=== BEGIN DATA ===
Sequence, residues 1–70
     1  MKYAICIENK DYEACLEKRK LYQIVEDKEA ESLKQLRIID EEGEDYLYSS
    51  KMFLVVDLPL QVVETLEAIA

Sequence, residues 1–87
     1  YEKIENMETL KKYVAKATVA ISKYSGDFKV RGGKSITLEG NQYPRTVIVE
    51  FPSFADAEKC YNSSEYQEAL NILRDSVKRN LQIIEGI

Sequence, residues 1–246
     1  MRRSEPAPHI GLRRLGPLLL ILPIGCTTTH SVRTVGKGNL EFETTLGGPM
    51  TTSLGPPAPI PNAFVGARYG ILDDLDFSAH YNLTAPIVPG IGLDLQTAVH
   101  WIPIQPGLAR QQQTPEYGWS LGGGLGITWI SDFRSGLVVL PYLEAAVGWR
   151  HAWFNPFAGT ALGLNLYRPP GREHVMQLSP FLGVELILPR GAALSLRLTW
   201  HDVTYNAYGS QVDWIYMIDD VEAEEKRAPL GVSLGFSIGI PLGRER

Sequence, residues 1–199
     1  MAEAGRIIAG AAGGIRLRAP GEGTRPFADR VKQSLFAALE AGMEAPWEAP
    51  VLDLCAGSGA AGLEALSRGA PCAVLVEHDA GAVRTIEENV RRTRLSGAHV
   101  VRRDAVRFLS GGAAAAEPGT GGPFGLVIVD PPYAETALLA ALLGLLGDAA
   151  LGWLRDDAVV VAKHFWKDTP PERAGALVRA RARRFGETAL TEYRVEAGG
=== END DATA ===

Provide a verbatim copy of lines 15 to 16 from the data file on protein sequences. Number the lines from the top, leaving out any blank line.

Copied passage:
    51  VLDLCAGSGA AGLEALSRGA PCAVLVEHDA GAVRTIEENV RRTRLSGAHV
   101  VRRDAVRFLS GGAAAAEPGT GGPFGLVIVD PPYAETALLA ALLGLLGDAA